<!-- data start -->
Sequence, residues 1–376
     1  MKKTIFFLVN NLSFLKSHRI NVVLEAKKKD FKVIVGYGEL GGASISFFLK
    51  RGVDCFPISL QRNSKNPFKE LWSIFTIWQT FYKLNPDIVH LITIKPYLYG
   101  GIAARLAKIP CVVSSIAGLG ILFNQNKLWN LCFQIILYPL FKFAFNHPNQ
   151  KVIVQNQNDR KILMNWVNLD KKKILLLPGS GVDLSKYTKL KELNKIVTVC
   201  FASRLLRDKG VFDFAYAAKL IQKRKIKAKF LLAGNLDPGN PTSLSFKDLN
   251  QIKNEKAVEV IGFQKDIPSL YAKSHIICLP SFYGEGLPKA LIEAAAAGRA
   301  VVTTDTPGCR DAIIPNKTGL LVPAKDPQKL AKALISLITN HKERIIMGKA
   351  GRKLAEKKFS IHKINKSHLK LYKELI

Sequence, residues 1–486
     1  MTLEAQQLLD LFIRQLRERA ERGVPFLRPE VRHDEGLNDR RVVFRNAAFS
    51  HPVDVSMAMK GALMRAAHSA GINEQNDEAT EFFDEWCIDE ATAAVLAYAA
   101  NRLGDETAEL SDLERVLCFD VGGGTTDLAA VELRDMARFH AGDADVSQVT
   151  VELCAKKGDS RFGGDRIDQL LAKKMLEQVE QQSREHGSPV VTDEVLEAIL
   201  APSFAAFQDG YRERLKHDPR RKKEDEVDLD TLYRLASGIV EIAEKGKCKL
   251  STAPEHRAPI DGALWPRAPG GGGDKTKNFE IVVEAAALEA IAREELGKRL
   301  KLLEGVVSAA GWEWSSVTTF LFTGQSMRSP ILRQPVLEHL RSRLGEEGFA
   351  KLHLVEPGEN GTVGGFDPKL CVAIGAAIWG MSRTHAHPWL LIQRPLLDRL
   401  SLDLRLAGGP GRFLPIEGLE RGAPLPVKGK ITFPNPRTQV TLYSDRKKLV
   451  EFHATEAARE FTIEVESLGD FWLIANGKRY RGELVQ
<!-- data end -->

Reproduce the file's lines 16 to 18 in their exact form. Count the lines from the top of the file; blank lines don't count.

   251  STAPEHRAPI DGALWPRAPG GGGDKTKNFE IVVEAAALEA IAREELGKRL
   301  KLLEGVVSAA GWEWSSVTTF LFTGQSMRSP ILRQPVLEHL RSRLGEEGFA
   351  KLHLVEPGEN GTVGGFDPKL CVAIGAAIWG MSRTHAHPWL LIQRPLLDRL